Will people pay to belong to a social media community?

social media love speech bubble

Fairfax will launch its new social media platform, Connect Pink, in June in the hopes of connecting women in regional Australia. The question is, will users be willing to pay a nominal fee to join this new social network?

I was recently invited to a business breakfast to learn all about a new social media platform, to be launched in June.

Fairfax Media are hoping that their Connect Pink social media platform will become a focal point for regional Australian women online. The aim is to make this social media platform more ‘local’; that is, a place you can connect with friends and family and catch up on the latest news. The news portion of the service makes it slightly different from current platforms, in that you can choose the categories of news that you want in your feed, which will be provided be Fairfax.

The difference is that this will be a paid social media service. In order to belong, you’ll be asked to pay a nominal fee that will go directly to a charity – in the first year that charity will be the McGrath Foundation. Will this put a lot of people off joining? Ros Marsden, director of sales and marketing for Connect Pink, says no. Fairfax believes most people won’t have an issue paying $5, if they know the money will go to a charity.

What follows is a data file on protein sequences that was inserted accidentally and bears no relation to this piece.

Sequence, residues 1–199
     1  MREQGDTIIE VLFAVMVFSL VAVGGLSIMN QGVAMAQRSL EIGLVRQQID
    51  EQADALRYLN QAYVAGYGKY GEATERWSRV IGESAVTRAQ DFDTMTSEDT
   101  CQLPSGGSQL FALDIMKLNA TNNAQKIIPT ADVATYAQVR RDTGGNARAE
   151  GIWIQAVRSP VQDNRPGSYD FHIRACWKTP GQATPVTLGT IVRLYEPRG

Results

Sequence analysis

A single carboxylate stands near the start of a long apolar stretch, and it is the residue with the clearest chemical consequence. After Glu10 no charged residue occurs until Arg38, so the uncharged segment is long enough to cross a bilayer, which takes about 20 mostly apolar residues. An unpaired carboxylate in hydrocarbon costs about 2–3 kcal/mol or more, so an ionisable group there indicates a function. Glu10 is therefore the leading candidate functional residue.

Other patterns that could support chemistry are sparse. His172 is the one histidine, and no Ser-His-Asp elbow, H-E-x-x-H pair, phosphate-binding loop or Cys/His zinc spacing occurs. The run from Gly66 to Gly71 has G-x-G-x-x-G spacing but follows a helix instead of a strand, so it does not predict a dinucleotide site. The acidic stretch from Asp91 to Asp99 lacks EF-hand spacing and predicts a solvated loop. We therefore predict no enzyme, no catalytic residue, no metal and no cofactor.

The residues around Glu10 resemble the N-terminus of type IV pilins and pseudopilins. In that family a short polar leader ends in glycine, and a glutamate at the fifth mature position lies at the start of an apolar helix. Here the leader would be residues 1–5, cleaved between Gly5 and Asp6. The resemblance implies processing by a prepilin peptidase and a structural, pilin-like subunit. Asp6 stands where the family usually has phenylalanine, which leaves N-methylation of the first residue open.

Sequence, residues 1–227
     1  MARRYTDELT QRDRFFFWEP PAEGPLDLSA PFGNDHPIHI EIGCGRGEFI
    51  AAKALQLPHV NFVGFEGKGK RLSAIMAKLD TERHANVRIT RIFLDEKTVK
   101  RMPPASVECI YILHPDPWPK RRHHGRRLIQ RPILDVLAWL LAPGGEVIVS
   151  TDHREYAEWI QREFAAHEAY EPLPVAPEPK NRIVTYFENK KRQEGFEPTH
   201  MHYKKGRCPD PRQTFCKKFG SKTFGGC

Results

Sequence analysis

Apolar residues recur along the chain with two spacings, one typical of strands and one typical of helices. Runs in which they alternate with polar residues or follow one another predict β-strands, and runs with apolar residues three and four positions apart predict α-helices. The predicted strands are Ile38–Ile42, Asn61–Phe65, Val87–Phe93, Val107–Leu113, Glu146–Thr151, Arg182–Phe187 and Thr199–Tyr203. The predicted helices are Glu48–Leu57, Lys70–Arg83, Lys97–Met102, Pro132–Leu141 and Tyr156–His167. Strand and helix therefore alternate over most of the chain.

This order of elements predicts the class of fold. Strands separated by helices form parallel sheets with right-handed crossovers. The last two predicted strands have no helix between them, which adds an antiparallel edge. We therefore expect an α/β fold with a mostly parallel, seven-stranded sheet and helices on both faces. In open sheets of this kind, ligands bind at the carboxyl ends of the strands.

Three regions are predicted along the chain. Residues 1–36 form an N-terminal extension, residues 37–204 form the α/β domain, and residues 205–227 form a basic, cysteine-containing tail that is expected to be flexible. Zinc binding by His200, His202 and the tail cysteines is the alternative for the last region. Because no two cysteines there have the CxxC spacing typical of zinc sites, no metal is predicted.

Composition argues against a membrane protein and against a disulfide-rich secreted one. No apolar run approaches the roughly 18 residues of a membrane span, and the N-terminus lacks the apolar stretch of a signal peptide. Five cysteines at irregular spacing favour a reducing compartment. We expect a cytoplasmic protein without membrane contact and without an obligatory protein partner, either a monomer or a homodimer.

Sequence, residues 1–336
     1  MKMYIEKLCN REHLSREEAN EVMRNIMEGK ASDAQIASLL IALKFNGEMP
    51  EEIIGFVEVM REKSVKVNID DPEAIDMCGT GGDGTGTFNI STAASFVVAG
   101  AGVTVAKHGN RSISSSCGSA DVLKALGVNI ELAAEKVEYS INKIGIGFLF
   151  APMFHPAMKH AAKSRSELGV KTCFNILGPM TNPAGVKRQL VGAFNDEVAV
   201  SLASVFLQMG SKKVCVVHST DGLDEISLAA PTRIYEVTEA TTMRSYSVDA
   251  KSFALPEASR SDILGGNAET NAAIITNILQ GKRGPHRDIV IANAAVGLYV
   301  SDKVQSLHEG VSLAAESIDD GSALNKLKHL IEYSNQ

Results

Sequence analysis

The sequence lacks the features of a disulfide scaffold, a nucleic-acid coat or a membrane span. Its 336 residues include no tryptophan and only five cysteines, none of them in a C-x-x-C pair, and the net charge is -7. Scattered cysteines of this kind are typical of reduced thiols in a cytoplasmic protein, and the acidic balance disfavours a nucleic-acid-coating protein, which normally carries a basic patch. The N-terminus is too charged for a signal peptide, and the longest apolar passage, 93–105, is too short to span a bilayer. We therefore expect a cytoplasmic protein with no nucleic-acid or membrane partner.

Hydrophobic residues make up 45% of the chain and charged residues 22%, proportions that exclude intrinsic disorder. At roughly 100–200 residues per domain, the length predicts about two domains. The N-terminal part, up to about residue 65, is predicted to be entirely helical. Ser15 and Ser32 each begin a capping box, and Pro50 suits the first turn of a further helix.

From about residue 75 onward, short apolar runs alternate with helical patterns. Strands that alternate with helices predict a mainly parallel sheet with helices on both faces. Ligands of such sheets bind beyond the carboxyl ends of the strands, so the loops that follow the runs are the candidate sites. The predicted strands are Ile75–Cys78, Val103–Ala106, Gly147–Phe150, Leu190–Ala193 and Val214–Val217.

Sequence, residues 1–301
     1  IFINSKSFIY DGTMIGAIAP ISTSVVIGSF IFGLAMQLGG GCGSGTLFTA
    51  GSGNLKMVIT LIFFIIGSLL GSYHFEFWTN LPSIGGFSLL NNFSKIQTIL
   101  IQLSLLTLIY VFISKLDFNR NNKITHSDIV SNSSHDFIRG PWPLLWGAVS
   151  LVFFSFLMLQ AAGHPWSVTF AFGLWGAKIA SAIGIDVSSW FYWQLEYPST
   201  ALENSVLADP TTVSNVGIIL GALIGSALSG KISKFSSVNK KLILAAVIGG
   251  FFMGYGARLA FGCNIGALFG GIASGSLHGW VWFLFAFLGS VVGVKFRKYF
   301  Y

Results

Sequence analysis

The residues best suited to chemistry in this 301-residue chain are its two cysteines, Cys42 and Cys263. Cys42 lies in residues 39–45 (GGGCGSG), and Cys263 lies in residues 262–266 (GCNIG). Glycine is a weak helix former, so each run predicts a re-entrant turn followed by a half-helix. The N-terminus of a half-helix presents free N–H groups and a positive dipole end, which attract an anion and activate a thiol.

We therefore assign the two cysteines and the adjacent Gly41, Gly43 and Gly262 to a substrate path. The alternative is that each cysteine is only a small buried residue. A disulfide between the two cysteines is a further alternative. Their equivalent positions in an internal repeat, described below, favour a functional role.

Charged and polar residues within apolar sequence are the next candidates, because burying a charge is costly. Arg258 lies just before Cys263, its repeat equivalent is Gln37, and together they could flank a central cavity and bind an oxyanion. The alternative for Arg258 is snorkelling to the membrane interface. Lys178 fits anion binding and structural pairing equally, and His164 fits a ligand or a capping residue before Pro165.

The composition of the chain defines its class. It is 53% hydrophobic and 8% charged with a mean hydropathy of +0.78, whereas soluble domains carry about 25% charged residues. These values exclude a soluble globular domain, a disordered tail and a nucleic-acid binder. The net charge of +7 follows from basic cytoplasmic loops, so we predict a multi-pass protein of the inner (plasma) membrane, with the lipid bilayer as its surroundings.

Another advantage I can see to having members pay to belong, is that they’re therefore prepared to use their credit cards online – so you can think of them as qualified buyers. This may be a selling point to the businesses Fairfax is trying to attract to the new platform. Just like Facebook, Connect Pink will be offering business pages to regional businesses. There’s an annual fee for having a business page, somewhere in the region of $1000.00, which will entitle you (as a business) to advertise to members in your region. If you’d like to advertise outside your region you’ll have to pay for the additional areas. In addition to this, there are a number of marketing widgets that businesses will have access to, including SMS alerts and downloadable vouchers – each of which will also incur an extra fee.

Key to the success of Connect Pink will be if Fairfax can convince regional business this is a great place to advertise, and one that will get them close to their target market with a high return on investment.

The question is, will people (including businesses) pay for something they currently get for free? It really comes down to why people use social media in the first place, and many use it to connect with family and friends and to stay up to date with what’s happening in their world. In order for Connect Pink to make a headway in the social media sphere, they’re going to have to present the benefits of ‘belonging’ to this new platform very strongly.

People inherently resist change. Moving from one type of social media to another takes time and commitment, and what if your friend/family don’t come with you?  It’s going to be a hard sell for Fairfax to convince many of the 10,703,160 Australian Facebook users to jump ship and use Connect Pink. The initial push to have every regional Fairfax paper covered in Connect Pink advertorials will probably result in an initial boost in membership, but only time will tell as to whether this will be a lasting social networking platform

Personally, I use Facebook, Google+, Twitter, Zite and Flipboard to keep up with my social news and events. Granted they aren’t all combined, although I do follow a few news-y Facebook pages, and as a result can cover most things inside my Facebook account.

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